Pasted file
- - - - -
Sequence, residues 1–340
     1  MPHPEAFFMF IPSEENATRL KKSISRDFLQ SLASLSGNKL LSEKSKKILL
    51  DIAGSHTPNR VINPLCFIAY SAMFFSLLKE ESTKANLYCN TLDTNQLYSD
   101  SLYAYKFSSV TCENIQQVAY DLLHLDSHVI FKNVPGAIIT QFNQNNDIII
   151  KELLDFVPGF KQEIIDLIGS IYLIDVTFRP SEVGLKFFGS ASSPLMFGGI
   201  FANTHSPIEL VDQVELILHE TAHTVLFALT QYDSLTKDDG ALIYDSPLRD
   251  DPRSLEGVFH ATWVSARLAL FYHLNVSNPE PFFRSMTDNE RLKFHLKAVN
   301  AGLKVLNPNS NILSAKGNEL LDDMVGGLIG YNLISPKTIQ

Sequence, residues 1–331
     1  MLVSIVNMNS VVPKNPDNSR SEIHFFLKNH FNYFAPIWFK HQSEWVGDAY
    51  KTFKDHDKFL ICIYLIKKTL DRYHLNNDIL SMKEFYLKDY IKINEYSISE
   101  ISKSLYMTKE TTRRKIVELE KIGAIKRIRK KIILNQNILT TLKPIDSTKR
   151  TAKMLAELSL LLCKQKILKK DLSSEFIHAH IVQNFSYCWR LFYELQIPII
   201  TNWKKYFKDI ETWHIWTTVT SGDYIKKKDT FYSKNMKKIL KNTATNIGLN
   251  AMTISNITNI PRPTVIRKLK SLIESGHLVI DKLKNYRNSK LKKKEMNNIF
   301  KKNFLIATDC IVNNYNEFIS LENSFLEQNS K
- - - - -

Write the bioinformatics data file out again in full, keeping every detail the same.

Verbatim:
Sequence, residues 1–340
     1  MPHPEAFFMF IPSEENATRL KKSISRDFLQ SLASLSGNKL LSEKSKKILL
    51  DIAGSHTPNR VINPLCFIAY SAMFFSLLKE ESTKANLYCN TLDTNQLYSD
   101  SLYAYKFSSV TCENIQQVAY DLLHLDSHVI FKNVPGAIIT QFNQNNDIII
   151  KELLDFVPGF KQEIIDLIGS IYLIDVTFRP SEVGLKFFGS ASSPLMFGGI
   201  FANTHSPIEL VDQVELILHE TAHTVLFALT QYDSLTKDDG ALIYDSPLRD
   251  DPRSLEGVFH ATWVSARLAL FYHLNVSNPE PFFRSMTDNE RLKFHLKAVN
   301  AGLKVLNPNS NILSAKGNEL LDDMVGGLIG YNLISPKTIQ

Sequence, residues 1–331
     1  MLVSIVNMNS VVPKNPDNSR SEIHFFLKNH FNYFAPIWFK HQSEWVGDAY
    51  KTFKDHDKFL ICIYLIKKTL DRYHLNNDIL SMKEFYLKDY IKINEYSISE
   101  ISKSLYMTKE TTRRKIVELE KIGAIKRIRK KIILNQNILT TLKPIDSTKR
   151  TAKMLAELSL LLCKQKILKK DLSSEFIHAH IVQNFSYCWR LFYELQIPII
   201  TNWKKYFKDI ETWHIWTTVT SGDYIKKKDT FYSKNMKKIL KNTATNIGLN
   251  AMTISNITNI PRPTVIRKLK SLIESGHLVI DKLKNYRNSK LKKKEMNNIF
   301  KKNFLIATDC IVNNYNEFIS LENSFLEQNS K